"Revise the Psalm revisits and revitalizes the power of Gwendolyn Brooks’s legacy of “literary citizenship.” Tributes from multi-ethnic writers, mostly poets, attest to her transformative poetic practice, her sharp attention to audience, her compassion for younger writers. This anthology, edited by Quraysh Ali Lansana and Sandra Jackson-Opoku, is a necessary intervention into forgetting, as we approach 100th anniversary of one of the most brilliant poets of the 20th century and, I daresay, the 21st."
—Cheryl Clarke, author of After Mecca: Women Poets and the Black Arts Movement
"The works of Gwendolyn Brooks are our heritage. We receive her remarkable artistic testament, the fruit of her imagination and artistry and commitment. For other poets and writers, this heritage is endlessly generative [...] In all her writing, one recognizes her enormous capacity to respond with wisdom and sympathy to human frailty and failure, to encourage and to set an example, and to sustain her fierce loyalty to everyday life. Her poems encompass men and women working, singing, suffering, loving and grieving; joyous, sad, and angry; dejected, despairing and foolish; hopeful, helpful, and heroic [...] From the very beginning of her artistic career, she was deeply engaged with her art, championing with her poetic range and brilliance the humanity of those whom she portrayed. As another poet once said to me long ago, Brooks’s virtuosity was the proof of her commitment to black life. To life. She stood with the great cause of civil rights and also wrote of the great travails of being human in an uncivil time and place. She wrote with special warmth, honesty, and realism about children. Her work and her person have directly and indirectly inspired, counseled, advised, and challenged all who write poetry and fiction, and all who read. Nothing could be more fitting or more welcome in the centennial year of Brooks’s birth than this moving collection of tributes to her."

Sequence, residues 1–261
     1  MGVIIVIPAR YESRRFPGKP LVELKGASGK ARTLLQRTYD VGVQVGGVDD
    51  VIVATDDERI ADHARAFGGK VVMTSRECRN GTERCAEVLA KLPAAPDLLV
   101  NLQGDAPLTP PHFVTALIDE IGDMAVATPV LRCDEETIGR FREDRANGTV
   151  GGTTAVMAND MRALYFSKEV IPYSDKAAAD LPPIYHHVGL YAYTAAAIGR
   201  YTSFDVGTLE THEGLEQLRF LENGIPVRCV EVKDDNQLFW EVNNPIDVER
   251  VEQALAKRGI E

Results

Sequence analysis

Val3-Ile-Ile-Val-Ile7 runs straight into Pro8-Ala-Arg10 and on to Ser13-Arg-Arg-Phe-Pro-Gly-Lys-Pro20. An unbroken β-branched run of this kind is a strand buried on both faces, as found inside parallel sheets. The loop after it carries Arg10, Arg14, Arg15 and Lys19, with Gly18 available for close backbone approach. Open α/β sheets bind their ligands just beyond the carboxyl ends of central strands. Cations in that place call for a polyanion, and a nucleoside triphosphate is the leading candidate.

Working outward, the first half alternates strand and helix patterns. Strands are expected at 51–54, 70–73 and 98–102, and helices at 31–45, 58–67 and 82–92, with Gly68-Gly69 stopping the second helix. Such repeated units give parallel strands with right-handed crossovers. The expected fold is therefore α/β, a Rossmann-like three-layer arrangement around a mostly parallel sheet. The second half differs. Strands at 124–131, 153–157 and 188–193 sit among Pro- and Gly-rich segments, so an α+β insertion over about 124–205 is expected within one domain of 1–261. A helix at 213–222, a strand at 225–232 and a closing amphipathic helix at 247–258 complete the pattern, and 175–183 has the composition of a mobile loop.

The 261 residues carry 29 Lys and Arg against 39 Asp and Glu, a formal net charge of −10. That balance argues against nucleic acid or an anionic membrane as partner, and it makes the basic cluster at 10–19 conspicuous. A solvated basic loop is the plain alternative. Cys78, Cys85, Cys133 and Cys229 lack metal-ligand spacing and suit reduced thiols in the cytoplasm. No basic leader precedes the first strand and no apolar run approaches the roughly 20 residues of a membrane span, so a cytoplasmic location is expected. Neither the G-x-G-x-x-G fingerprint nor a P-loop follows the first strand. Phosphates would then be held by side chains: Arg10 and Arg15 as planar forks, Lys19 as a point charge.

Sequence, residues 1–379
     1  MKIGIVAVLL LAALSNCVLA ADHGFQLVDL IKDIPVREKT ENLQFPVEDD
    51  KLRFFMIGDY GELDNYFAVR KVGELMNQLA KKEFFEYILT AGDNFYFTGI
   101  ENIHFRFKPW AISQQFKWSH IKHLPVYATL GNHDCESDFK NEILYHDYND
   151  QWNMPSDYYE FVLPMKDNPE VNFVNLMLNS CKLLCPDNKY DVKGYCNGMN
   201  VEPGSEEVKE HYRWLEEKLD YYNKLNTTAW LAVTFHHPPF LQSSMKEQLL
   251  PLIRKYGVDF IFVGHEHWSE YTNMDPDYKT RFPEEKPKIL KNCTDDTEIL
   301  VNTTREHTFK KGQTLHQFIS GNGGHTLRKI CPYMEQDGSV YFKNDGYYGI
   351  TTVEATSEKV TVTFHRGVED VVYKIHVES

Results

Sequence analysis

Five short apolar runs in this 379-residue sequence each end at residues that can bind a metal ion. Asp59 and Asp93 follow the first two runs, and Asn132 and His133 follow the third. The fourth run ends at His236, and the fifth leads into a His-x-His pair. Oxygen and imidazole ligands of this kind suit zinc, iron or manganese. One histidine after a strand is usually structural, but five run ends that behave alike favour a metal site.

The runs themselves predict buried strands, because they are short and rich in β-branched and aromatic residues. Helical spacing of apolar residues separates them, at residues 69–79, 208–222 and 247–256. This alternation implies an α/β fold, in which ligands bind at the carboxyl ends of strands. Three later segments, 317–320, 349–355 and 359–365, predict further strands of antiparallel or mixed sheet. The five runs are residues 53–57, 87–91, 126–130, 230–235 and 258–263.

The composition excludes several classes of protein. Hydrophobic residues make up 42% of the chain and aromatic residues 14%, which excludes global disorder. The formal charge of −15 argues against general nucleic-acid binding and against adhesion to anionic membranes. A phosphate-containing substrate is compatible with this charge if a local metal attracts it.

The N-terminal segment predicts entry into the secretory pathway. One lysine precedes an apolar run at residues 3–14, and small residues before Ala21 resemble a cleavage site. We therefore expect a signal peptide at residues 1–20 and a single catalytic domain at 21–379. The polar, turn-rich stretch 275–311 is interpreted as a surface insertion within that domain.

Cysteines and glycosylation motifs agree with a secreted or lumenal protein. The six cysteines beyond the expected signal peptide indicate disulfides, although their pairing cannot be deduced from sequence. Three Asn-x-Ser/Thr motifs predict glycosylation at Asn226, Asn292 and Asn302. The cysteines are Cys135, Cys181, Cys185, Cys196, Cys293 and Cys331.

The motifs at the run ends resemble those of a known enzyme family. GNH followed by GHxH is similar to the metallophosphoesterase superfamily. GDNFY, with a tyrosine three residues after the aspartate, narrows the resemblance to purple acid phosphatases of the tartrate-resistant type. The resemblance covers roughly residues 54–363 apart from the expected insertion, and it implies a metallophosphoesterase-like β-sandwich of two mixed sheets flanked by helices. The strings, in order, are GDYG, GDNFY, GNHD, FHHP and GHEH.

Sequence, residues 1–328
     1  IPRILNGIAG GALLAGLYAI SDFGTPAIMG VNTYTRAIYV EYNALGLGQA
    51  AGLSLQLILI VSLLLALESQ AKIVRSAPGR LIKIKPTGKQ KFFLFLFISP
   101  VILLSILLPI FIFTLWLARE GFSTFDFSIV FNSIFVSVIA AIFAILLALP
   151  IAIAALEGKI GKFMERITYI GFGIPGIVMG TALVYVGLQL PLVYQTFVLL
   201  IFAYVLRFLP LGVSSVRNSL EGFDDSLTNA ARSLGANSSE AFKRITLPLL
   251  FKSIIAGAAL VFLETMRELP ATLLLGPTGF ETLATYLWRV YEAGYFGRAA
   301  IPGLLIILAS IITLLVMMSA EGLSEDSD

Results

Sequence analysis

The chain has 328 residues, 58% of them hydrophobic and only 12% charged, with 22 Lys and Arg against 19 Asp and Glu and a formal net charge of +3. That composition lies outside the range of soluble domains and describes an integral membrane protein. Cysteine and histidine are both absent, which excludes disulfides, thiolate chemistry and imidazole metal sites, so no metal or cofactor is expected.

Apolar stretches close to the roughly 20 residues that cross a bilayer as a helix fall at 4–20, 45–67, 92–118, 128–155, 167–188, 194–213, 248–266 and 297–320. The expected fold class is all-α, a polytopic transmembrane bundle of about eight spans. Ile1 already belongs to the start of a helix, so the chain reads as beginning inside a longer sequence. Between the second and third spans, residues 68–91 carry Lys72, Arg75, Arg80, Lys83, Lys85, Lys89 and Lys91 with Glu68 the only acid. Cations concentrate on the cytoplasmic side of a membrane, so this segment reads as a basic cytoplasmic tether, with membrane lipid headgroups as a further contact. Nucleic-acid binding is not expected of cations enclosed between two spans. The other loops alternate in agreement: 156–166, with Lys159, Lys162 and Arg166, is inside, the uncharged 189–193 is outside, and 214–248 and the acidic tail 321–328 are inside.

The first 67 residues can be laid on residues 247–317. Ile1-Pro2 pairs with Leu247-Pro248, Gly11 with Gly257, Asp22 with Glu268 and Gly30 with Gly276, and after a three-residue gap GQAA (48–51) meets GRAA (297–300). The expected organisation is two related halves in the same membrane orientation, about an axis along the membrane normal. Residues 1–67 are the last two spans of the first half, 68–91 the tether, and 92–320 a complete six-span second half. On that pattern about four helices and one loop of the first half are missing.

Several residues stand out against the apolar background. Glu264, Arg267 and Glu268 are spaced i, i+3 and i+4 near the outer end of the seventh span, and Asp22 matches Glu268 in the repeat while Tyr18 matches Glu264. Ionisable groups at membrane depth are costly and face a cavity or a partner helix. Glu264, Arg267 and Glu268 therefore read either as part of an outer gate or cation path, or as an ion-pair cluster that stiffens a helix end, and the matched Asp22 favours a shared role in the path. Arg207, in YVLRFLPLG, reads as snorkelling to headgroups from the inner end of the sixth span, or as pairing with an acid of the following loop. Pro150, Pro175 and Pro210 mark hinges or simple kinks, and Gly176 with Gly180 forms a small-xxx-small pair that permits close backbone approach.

PRAISE FOR QURAYSH ALI LANSANA:
Praise for The BreakBeat Poets:
"[T]he first definitive anthology of poems by poets who fuse together the aesthetic of hip-hop and the style of slam poetry with the written-word tradition... [a] dynamic, groundbreaking, genre-merging volume."
"The BreakBeat Poets offers a thrilling vortex of diverse voices. From slavery to Jim Crow, from gang violence to black identity, The BreakBeat Poets presents an enthralling and necessary overview of an often overlooked vein of contemporary poetry."
PRAISE FOR SANDRA JACKSON-OPOKU:
Praise for The River Where Blood is Born:
“In its rivers, beads, webs and quilts, the author’s story weaving is abundant... The threads of each story are as easy to follow as brightly colored stitchery... Besides its sheer literary beauty, Jackson-Opoku’s story-weaving will give readers a new spiritual dimension from which to consider the meaning of life."
ABOUT THE EDITORS:
Quraysh Ali Lansana is author or editor of twenty books. He is a faculty member of the Writing Program of the School of the Art Institute of Chicago. Lansana served as Director of the Gwendolyn Brooks Center for Black Literature and Creative Writing at Chicago State University from 2002 to 2011.
Sandra Jackson-Opoku has authored two novels. The River Where Blood is Born earned the American Library Association Black Caucus Award for Best Fiction; Hot Johnny (and the Women Whom Loved Him) was an Essence magazine bestseller. Her fiction, poetry, articles, essays, and scripts have appeared in the Los Angeles Times, Ms. magazine, the Literary Traveler, Islands Magazine, and elsewhere.
Publication Date: January 2017